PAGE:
More Hard Words About NY-26

This is only peripherally about NY-29, but I think the NY-26 campaign taught a lot of people some hard lessons that are applicable to most political campaigns. I'll bury my thoughts after the break for those only interested in NY-29.

Biography: No life experiences are "all bad" or "all good". Candidates need to package their life experiences as a narrative that accentuates the positive and acknowledges and contextualizes the negative.

Jon Powers received a lot of publicity for his work in War Kids Relief, a charity organization he founded. It was a noble failure. Powers was unable to get congressional funding for WKR, and faced with a rotten security situation in Baghdad, it was clear that private donations wouldn't suffice for the effort. Powers made a dangerous trip to Iraq, some kids were helped, and the whole effort made him realize that WKR wasn't going to be the way he would make an impact. So he ran for Congress.

That last paragraph is my spin on the effort, gathered from reading media accounts and listening to a Powers' appearance on a Kevin Hardwick's radio show. It wasn't Powers' initial story His campaign website made it sound like WKR was a going concern. His opponent nit-picked at that story until WKR became a negative. If Powers had acknowledged WKR as a learning experience and impetus for running for Congress in the first place, he'd have been better positioned to respond to those attacks.

Media: Don't ignore opposition blogs. Use them to prepare your rapid response.

I first read about the War Kids Relief story on a conservative blog months before the story surfaced in the media and in Jack Davis' attack ads. Yet the Powers campaign took a long time to formulate an ineffectual response to the attacks once they hit the traditional media.

When a blogger posts a negative story, one of two things has happened. Either someone from an opposing campaign has fed it to them, or, worse, some individual looked at your campaign's storyline and poked a hole in it. Some negatives are pure haterade, but the WKR negative was an important indicator that Powers' story had a few holes in it.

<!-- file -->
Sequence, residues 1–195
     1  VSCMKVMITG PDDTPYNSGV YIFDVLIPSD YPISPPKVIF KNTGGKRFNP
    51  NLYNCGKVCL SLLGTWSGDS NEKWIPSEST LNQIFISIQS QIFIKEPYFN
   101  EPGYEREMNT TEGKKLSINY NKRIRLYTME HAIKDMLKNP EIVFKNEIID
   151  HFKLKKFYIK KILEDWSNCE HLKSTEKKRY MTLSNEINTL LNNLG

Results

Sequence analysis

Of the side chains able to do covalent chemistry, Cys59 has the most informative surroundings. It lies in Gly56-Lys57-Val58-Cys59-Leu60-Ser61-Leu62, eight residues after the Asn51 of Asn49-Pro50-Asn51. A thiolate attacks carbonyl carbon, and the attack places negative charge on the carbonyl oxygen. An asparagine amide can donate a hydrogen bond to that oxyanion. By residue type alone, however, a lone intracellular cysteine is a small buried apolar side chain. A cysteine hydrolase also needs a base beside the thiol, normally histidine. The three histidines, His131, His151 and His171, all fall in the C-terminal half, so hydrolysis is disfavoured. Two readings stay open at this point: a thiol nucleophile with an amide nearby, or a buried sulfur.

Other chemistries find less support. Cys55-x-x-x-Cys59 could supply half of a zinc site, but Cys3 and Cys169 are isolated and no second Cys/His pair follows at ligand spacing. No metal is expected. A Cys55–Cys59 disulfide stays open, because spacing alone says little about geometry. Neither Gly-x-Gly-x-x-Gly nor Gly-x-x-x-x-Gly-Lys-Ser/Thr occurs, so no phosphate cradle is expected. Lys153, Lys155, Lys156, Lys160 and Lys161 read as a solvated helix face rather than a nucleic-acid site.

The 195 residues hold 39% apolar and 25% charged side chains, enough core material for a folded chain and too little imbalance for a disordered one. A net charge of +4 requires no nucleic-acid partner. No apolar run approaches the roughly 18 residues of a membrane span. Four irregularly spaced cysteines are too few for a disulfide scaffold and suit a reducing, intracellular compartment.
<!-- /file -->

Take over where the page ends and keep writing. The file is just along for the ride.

Update: The story surfaced five months ago, as Cincinnatus at Monroerising points out.

Endorsements: meh.

Endorsements are good for garnering media attention and for influencing low-information voters. Low-information voters don't vote in primaries.

Fundraising: Money in the bank is is just a bunch of pictures of dead Presidents.

Powers didn't spend a lot on the primary, presumably because he needed some of that money to challenge well-financed Christopher Lee in the general. This is pure Monday-morning quarterbacking, but I'll bet he wishes he had spent a little more of the $900K that he raised.


I would also add that a lesson to be learned is for the party committees to look a little deeper into these people, spend some more time vetting and asking tuff questions.

I have sat through nominating meetings. They tend to get a quick statement, a few questions and then they vote. That isn't much.

I would ALSO suggest and this goes to all the bloggers and the people who attend these meetings, that people get a grasp of the office these people are running for. I mean this in a nice way but I am sure it will sound smug. In the end though, a first-term Congressperson from NY-26 will NOT end a War, has almost no influence whatsoever on Abortion or Gay marriage, cannot revolutionize the economy or single handidly fix the energy crisis. Promises to the contrary might sound nice but they are empty.

We need to learn what these candidates understand about the process of creating policy, working their way through bloated and complex systems, how to follow procedure and understand organizational rules and how to leverage and bargain. It isn't sexy, but its what they will be doing. Turning thought and promise to policy is an enormously complex task especially in the House of Representatives but most of the questions I hear always focus on issues that have nothing to do with the job.